Early adolescent girls in transition in a peri-urban northern Thai community: perceptions of gender role and sexuality

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Early adolescent girls in transition in a peri-urban northern Thai community: perceptions of gender role and sexuality

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Title: Early adolescent girls in transition in a peri-urban northern Thai community: perceptions of gender role and sexuality
Author: Fongkaew, Warunee, 1956-
Abstract: This study primarily concerns the impact of gender socialization and socioeconomic transformation on young girls' perceptions of their gender roles and sexuality which places them at risk for contracting STDs and AIDS through sexual transmission. Ethnographic approaches were used to develop a fuller understanding of the specific social and cultural contexts that structure the meanings of gender and sexual experiences of the Thai young girls. Data were collected during a twelve month period from February 1994 through January, 1995, by methods of participant observation, focus group interviews, and in-depth interviews, with an attempt to triangulate various perspectives of the participants. Thirty-six girl informants aged 11-14 years participated in the focus group interviews. Eleven of the girls from the focus groups participated in in-depth interviews. Other key informants were mothers and grandmothers of the girl informants, the girls' teachers, health personnel, old men in the villages, and village headmen. Content analysis of fieldnotes and interview transcripts produced themes that represented the girls' perceptions and their shared experiences of gender roles and sexuality.It is evident that Thai culture emphasizes the notion of male superiority in politics and religion. This socially and culturally constituted relation of power impacts the construction of sexuality, which tends to place rigid controls on female sexuality, but not on male sexuality. In childhood socialization, girls were undergoing an important training to be "feminine" and a wife and mother, which is embedded in her conscious and unconscious development. There is more restriction on girls' activities than that of boys', which led girls to develop negative feelings of being bored, disadvantaged, inferior, and of having less freedom.Heterosexual meanings have become central to the gender symbolism that girls and boys have been socialized to, which involves "teen" and "adult" styles of femininity and masculinity. The Thai feminine stereotype is characterized by gentleness, weakness, dependence, emotionality, and is responsible for taking care of the house and children. According to this stereotype, a woman's beauty is also a major asset. These young girls entered the preadolescent period with ambiguous feelings about their gender stereotypes. On the one hand, they perceived that women should be strong, independent, and equal to men. They don't want to be "goody goody girls" who are weak and are easily humiliated by boys. On the other hand, they want to preserve their socially constructed feminine role as gentle and proper women.The girls also enter their sexual lives with silence and with the ambivalence associated with being a woman. Most of young girls experienced negative and shameful feelings about their changing bodies and menarche. They have difficulty in understanding their own developing bodies. Premarital sexual relations and dating were the topics about which mothers, grandmothers, and teachers most frequently disciplined their young girls. Inadequate learning from their parents or other adults has led them to explore sexuality from media, pornographic materials, friends, and by peeking at others' bodies.The impact of modernization on changes in economic power which doubly exploit women and lessening influence of the ancestral spirits in the local villages that has contributed to the emerging of multiple sexual patterns or sexual liberation in this local community is also discussed.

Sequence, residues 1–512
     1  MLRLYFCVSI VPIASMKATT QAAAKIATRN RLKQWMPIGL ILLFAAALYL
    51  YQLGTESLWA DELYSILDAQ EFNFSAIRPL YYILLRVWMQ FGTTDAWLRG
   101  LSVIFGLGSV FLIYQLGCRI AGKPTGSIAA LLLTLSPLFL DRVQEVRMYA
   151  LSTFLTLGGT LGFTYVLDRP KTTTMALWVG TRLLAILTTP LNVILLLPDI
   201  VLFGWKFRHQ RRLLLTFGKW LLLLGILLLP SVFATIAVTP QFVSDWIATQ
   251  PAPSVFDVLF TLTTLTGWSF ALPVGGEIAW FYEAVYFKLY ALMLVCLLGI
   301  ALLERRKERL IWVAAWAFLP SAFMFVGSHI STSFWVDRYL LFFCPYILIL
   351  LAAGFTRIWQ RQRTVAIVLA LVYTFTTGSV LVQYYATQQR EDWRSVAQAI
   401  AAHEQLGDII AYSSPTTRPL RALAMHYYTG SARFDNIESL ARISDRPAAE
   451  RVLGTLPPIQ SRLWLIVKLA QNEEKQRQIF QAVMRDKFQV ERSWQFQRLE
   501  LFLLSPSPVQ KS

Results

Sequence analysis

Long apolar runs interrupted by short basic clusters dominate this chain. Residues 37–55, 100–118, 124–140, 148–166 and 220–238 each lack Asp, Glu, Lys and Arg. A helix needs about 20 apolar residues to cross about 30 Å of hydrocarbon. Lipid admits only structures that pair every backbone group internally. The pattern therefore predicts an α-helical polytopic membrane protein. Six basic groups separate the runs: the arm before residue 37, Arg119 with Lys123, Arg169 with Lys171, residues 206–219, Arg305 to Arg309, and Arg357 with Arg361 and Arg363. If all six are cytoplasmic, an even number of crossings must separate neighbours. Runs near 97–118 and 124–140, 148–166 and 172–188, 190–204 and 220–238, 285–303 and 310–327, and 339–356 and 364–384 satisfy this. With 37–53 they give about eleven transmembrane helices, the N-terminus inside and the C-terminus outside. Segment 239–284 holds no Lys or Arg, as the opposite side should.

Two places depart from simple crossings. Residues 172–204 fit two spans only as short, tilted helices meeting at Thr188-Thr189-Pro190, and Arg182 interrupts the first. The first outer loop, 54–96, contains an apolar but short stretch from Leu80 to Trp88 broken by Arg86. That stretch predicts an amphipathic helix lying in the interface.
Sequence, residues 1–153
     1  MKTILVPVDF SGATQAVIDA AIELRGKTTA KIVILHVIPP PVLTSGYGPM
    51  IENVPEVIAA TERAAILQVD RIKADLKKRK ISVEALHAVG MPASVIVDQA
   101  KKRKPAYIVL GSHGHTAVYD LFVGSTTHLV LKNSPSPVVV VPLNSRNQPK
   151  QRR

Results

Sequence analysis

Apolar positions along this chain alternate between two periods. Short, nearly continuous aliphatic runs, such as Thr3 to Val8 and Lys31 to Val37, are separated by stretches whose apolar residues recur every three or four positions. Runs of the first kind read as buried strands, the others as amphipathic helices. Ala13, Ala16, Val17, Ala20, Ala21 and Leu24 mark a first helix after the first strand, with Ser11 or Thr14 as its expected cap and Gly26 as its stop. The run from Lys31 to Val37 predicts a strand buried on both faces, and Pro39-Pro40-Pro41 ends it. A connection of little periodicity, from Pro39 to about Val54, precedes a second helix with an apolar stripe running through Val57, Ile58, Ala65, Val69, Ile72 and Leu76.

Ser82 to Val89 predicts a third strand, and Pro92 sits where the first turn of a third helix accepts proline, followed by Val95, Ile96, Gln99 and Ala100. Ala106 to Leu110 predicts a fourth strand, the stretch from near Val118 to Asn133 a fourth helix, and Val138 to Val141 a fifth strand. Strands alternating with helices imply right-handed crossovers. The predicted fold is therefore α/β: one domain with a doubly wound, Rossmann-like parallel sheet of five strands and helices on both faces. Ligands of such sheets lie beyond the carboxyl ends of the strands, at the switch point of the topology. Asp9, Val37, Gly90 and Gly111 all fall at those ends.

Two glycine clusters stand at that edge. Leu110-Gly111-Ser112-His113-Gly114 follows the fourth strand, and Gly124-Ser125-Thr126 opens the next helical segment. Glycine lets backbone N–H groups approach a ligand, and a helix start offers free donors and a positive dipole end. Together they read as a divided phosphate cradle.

Description: Thesis (Ph. D.)--University of Washington, 1995
URI: http://hdl.handle.net/1773/7337

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